The bad habits of science journalists

© iStockphoto.com/Christine Glade

© iStockphoto.com/Christine Glade

Adam Ruben is a practicing scientist with a bone to pick over science writing in the popular press. He lets it rip on AAAS's Science Careers site: "Mainstream science articles have become formulaic. And it’s never more obvious than, say, when you read an article about a bold new advance that promises to cure something or fix something or spell certain doom — and then you realize you’re reading an article that’s 20 years old and none of those things happened."

It may be satire, but is it constructive? I don't see what I am supposed to take from this article. I'm stealing a definition from Wikipedia (I know, I know, but it's just a quick definition): "In satire, vices, follies, abuses, and shortcomings are held up to ridicule, ideally with the intent of shaming individuals, and society itself, into improvement." I'm specifically looking at the "into improvement" part of the shaming. I thought the point of satire was to instigate improvement.

If, as Ruben says, "mainstream science articles have become formulaic," then what is the improvement to be made? The only thing somewhat like this I see is the final paragraph:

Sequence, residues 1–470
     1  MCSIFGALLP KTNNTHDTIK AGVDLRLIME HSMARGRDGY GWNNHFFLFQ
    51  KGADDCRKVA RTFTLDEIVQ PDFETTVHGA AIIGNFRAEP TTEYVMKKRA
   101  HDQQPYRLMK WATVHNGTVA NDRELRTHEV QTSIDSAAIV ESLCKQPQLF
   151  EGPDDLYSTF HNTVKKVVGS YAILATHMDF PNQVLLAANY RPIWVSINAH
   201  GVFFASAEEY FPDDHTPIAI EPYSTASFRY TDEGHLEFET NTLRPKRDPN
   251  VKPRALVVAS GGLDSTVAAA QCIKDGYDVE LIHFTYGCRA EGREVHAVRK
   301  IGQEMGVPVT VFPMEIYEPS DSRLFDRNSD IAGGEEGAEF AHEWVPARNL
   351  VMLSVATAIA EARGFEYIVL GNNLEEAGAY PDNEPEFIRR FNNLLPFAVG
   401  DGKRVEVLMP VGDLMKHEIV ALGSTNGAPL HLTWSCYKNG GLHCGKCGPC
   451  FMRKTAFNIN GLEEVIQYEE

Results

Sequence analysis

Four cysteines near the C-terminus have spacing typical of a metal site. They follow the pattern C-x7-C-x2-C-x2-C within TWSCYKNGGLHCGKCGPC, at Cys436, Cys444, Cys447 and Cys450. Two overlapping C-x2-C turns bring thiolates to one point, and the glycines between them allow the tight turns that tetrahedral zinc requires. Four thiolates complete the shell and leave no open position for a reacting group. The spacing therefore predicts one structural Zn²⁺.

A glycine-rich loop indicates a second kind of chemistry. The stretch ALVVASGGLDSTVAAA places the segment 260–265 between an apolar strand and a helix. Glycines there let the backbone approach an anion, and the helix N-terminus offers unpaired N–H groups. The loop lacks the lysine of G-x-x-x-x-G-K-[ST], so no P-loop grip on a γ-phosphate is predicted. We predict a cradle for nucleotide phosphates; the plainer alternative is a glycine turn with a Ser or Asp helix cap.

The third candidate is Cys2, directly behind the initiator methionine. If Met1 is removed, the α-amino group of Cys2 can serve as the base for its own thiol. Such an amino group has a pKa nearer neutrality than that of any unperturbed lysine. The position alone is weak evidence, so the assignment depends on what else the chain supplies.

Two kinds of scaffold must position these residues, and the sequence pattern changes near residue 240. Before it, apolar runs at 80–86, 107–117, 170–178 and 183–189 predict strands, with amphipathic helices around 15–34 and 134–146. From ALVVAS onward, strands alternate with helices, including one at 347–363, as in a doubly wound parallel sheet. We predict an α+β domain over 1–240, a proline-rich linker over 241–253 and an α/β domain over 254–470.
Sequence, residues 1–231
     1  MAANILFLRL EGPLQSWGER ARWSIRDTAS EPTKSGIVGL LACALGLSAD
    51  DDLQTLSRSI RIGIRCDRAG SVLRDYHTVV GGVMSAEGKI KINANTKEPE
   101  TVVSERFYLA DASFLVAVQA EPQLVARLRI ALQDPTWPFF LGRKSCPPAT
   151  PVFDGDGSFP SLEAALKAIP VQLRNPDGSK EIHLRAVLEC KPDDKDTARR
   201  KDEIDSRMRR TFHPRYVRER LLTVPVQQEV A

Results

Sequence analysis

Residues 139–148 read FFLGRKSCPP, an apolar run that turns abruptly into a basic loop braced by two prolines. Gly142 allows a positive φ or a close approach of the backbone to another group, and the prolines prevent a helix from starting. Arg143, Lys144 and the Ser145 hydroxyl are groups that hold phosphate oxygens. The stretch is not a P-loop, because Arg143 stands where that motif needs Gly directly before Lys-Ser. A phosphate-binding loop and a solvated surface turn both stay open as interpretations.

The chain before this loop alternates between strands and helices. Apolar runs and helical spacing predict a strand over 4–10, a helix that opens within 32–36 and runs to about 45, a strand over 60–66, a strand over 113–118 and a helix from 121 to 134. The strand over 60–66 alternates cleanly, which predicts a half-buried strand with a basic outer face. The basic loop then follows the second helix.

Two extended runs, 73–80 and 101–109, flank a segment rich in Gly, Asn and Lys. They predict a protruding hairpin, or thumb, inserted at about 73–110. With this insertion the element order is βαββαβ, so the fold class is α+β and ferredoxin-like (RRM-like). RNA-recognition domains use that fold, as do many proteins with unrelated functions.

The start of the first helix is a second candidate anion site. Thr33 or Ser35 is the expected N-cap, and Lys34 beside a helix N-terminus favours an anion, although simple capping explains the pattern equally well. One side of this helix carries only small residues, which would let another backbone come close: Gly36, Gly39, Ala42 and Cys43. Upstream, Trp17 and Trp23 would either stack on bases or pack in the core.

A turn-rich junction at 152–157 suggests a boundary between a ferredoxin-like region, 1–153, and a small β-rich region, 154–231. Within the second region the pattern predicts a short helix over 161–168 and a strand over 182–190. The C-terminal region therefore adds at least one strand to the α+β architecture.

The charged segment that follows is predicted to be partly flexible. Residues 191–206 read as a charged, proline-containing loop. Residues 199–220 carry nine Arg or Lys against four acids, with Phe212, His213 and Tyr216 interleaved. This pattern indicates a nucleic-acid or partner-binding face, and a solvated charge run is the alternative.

"For this reason, I hereby say to all science reporters: If you ever come to interview me about my research and find any part of it mundane, write it that way. If the implications you want to tack onto my work are far-fetched, don’t write them. If what I do fails to generate legitimate controversy, maybe it just isn’t that controversial. You may not win any prizes for science writing, but rest assured that your friends and relatives have never heard of those prizes anyway, so who are you trying to impress?"

So I would like to know, if the research is mundane, why are we writing about it? I'm not saying that Ruben's points are wrong (over-projected results, for example) but I would seriously like to know...what do you do when you interview a scientist and their work is mundane, there are no interesting implications, and no controversy? Do you even have a story?

This may be the most cynical smear job on science communication I've ever seen. Hyperbole is a useful satirical tool, but the tar-laden brush used here obscures the bright spots in science reporting. Yes, a lot of science writing is formulaic and even wrong, as is science. A lot of it is not, and I believe that there's a lot more interesting stuff to talk about than either scientists or reporters realize. There's a good, engaging story to found almost everywhere, if you know how to look and translate.

It's a shame Ruben's piece appeared in Science, where it will garner attention. Unfortunately, I imagine plenty of scientists nodding their heads and smiling smugly. They are a major part of the problem.

So a lot of writers get these things wrong. I'd argue that at least as much scientific literature is junk (poorly done, wrong) as appears in the popular press. But there is an opportunity to get translation right, and many writers do that. With his attitude, I don't think Dr. Ruben has to worry about having to deal with reporters any time soon. Come to think about it, maybe that's why he published this.